Nitrogen in the Environment: Sources, Problems and Management
Wydanie: 2001 r.
Dostępność: aktualnie niedostępny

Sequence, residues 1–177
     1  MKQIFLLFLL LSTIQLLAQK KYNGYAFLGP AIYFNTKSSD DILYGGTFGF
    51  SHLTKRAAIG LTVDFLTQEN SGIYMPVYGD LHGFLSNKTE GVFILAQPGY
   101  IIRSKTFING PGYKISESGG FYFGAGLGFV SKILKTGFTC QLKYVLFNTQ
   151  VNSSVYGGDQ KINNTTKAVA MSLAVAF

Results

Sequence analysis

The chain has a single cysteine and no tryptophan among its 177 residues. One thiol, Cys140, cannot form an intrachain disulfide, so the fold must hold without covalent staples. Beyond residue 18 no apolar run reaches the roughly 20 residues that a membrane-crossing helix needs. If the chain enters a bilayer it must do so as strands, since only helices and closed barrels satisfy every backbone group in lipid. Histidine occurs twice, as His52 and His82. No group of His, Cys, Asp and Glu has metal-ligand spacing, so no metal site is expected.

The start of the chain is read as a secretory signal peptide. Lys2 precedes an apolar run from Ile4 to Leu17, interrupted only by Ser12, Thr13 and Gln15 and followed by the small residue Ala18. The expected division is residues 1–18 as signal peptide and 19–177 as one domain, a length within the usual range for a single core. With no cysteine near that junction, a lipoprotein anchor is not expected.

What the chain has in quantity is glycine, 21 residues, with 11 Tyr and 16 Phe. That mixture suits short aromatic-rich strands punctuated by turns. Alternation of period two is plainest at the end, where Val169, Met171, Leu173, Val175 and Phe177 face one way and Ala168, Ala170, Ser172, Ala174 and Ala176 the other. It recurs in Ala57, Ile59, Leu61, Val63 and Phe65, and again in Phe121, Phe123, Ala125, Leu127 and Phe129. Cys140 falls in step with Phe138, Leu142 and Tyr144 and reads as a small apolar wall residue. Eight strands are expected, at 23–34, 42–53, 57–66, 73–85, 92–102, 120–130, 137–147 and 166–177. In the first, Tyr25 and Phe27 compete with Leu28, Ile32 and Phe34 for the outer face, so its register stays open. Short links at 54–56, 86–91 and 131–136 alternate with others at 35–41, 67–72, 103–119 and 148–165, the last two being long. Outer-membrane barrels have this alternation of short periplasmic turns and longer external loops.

Nitrogen in the Environment: Sources, Problems, and Management is the first volume to provide a holistic perspective and comprehensive treatment of nitrogen from field, to ecosystem, to treatment of urban and rural drinking water supplies, while also including a historical overview, human health impacts and policy considerations. It provides a worldwide perspective on nitrogen and agriculture.Nitrogen is one of the most critical elements required in agricultural systems for the production of crops for feed, food and fiber. The ever-increasing world population requires increasing use of nitrogen in agriculture to supply human needs for dietary protein. Worldwide demand for nitrogen will increase as a direct response to increasing population. Strategies and perspectives are considered to improve nitrogen-use efficiency. Issues of nitrogen in crop and human nutrition, and transport and transformations along the continuum from farm field to ground water, watersheds, streams, rivers, and coastal marine environments are discussed. Described are aerial transport of nitrogen from livestock and agricultural systems and the potential for deposition and impacts. The current status of nitrogen in the environment in selected terrestrial and coastal environments and crop and forest ecosystems and development of emerging technologies to minimize nitrogen impacts on the environment are addressed. The nitrogen cycle provides a framework for assessing broad scale or even global strategies to improve nitrogen use efficiency. Growing human populations are the driving force that requires increased nitrogen inputs. These increasing inputs into the food-production system directly result in increased livestock and human-excretory nitrogen contribution into the environment.The scope of this book is diverse, covering a range of topics and issues from furthering our understanding of nitrogen in the environment to policy considerations at both farm and national scales.